All The Books I Can Read

1 girl….2 many books!

Peaches For Monsieur le Curé – Joanne Harris

on September 19, 2012

Peaches For Monsieur le Curé
Joanne Harris
Random House AU
2012, 458p
Copy courtesy of the publisher

It has been eight year since Vianne left Lansquenet. For the last four years she has been living on a houseboat in Paris with Roux, father of her daughter Rosette and her other daughter Anouk. Then she receives a letter from an old friend, a letter from the grave. The letter asks of her to return to Lansquenet and help someone who is in desperate need of it, for the letter writer knows that they themselves will not be able to lower their pride and ask.

And so Vianne finds herself travelling back to Lansquenet with her two daughters, Roux opting to stay behind on the boat and not accompany them. Vianne is not prepared for what she finds when she arrives – firstly she finds herself standing next to the man who once would’ve stopped at nothing to oust her from the town, Monsieur le Curé himself, Father Reynaud. He is not giving Mass at the Church, instead there is a new priest. Vianne wants to know why but it is a long story and first she needs somewhere to stay, the empty house of her old friend Armande the obvious choice.

Once settled, Vianne begins to get to the bottom of what has been happening – the Muslim community and the small local Lansquenet community once co-existed peaceably and amicably with respect for each other’s religions and cultures. There was friendship, a blending of the cultures but now there is alienation and suspicion and a lot of it centres around the arrival of a mysterious woman, clad head to toe in black. She seems to have inspired a competition of purity in the other Muslim women and they all dress to hide themselves now and that combined with the arson of Vianne’s old chocolaterie, now a school run by the woman in black, has led the town almost to a revolt. And number one suspect for the arson? Father Reynaud.

Vianne and Father Reynaud may not have been friends before but he is a different man and Vianne knows that he didn’t set the building on fire and try to burn it to the ground with the woman and black and her young daughter inside. Could it be that Vianne has journeyed all the way back to this town in order to save the one person who only wanted to drive her from it?

Hot on the heels of finishing Chocolat, I dived into this, the third book, Peaches For Monsieur le Curé. I did skip the second book but I figured because I’d read Chocolat, I knew all the players and I think that it’s quite fine not to have read the second one, which takes place elsewhere. However I was very glad I had chosen to read Chocolat before this one because all of these Lansquenet characters have backstories and connections and previous relationships with Vianne so it was nice to have that prior knowledge.

I was very interested to see how Harris would play out this one given Reynaud is such an unsympathetic character in Chocolat. When Vianne returns to Lansquenet at the bequest of a dear old friend long departed, she can see immediately that the Father is quite a changed man. Whereas before he seemed to watch over the village with a all-seeing and knowing eye, she finds him almost on the outside of it, not involved in the religious celebrations taking place and nor is he getting ready to give the Mass. It seems that Father Reynaud has been relieved of his duties for the moment and it all centres around a growing discord between the Catholic church and the local Muslim community, made up mostly of families from North Africa.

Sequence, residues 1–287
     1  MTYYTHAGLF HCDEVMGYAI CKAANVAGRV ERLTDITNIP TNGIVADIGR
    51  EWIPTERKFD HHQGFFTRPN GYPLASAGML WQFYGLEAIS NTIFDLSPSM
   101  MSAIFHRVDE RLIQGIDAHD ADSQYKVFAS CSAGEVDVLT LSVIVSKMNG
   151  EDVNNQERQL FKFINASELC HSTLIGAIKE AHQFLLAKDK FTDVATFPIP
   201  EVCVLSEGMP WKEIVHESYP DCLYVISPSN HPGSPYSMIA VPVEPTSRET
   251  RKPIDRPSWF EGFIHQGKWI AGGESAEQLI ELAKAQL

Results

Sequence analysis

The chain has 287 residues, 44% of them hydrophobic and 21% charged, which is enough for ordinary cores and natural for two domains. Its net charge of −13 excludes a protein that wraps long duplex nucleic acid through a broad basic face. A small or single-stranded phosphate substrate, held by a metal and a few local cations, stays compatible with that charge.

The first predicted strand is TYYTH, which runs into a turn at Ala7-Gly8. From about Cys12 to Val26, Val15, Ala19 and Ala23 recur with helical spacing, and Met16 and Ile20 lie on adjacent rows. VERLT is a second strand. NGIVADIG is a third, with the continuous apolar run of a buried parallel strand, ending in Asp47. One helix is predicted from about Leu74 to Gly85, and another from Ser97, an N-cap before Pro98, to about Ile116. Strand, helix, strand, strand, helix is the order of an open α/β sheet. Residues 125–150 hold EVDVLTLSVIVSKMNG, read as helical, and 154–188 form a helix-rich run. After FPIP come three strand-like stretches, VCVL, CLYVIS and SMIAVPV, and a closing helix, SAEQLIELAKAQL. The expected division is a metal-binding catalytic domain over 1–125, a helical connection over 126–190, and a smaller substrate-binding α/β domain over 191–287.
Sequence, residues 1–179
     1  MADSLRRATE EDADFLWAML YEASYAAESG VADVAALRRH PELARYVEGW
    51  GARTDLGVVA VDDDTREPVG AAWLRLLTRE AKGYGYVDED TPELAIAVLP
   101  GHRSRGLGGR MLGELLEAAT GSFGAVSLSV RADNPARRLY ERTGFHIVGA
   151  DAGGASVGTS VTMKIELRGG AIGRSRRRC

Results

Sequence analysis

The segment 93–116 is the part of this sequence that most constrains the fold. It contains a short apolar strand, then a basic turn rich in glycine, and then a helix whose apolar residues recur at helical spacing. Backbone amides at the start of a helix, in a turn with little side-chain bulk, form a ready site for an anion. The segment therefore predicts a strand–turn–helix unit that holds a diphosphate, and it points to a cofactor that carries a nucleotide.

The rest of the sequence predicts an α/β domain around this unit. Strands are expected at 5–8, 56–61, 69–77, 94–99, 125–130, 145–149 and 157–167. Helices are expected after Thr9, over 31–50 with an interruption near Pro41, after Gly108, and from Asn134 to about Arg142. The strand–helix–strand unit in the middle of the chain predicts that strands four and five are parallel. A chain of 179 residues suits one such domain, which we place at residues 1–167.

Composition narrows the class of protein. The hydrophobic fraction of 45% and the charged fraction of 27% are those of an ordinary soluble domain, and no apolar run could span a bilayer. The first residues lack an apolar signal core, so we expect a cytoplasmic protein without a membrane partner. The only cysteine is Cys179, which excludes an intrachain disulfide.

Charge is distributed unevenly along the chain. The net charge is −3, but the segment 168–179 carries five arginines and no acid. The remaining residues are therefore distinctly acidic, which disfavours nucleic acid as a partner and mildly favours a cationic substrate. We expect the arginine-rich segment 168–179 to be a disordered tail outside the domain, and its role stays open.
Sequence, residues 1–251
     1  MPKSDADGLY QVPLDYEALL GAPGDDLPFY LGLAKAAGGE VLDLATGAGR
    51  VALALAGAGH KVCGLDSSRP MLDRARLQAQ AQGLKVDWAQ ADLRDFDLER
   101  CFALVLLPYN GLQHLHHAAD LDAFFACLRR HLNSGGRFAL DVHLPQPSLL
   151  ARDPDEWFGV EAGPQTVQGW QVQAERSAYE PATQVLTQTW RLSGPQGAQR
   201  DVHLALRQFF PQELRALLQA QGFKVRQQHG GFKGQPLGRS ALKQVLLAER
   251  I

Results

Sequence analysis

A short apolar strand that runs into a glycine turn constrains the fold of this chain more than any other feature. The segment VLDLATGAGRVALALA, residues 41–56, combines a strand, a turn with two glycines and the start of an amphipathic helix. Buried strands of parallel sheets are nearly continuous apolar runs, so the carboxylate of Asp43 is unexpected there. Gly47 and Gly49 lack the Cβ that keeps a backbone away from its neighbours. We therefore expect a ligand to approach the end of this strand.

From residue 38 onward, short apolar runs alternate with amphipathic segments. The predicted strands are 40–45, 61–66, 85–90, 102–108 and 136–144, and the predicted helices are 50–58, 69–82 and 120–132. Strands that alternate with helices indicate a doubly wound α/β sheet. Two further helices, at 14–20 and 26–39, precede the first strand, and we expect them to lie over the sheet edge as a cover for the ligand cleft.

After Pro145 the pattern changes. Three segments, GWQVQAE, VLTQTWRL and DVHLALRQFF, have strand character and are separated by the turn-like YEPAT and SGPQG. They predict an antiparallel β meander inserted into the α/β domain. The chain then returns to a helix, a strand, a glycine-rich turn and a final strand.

Once again religion is quite a heavy theme in this book but this one seems to be more about promoting religious tolerance. Father Reynaud doesn’t begrudge the Muslims their mosque, only the spire they have built to amplify the call to prayer, which although passes regulations, also sort of mocks them. He and the leader of the Muslim community managed along together quite well until the arrival of the woman in black and things began to change. When the building was firebombed, fingers were pointed firmly at the Father and the Muslim community retreated within itself – it became a war.

I really enjoyed this book – it’s a real page turner, such a fleshing out of story and then a gentle tension builder until by the end I was literally bursting for something in particular to happen! Vianne really is a most interesting character, such a hard person to get a feel on sometimes, but so generous and interested in other people, even those who haven’t exactly been pleasant to her in the past. There’s enough whimsical magic in this story to make it a bit special but without alienating the skeptics and the evolution of Father Reynaud is skilfully done.

Food is a huge part of this novel too and the descriptions were utterly divine, both what Vianne was making and also the creations of the Muslim community. They were fasting for Ramadan throughout the book so all day was spent preparing for the meal to break their fast after sundown. Vianne visits a household quite often and they usually offer her something and once again, I wanted to try it all. It’s rich with imagery and beautiful description and to be quite honest I could quite easily see myself living in that little village! I think that Peaches For Monsieur le Curé is a stronger book with a stronger story. It’s a longer story but it’s definitely got more complexity to it and for me, that just meant more to enjoy.


Book #187 of 2012

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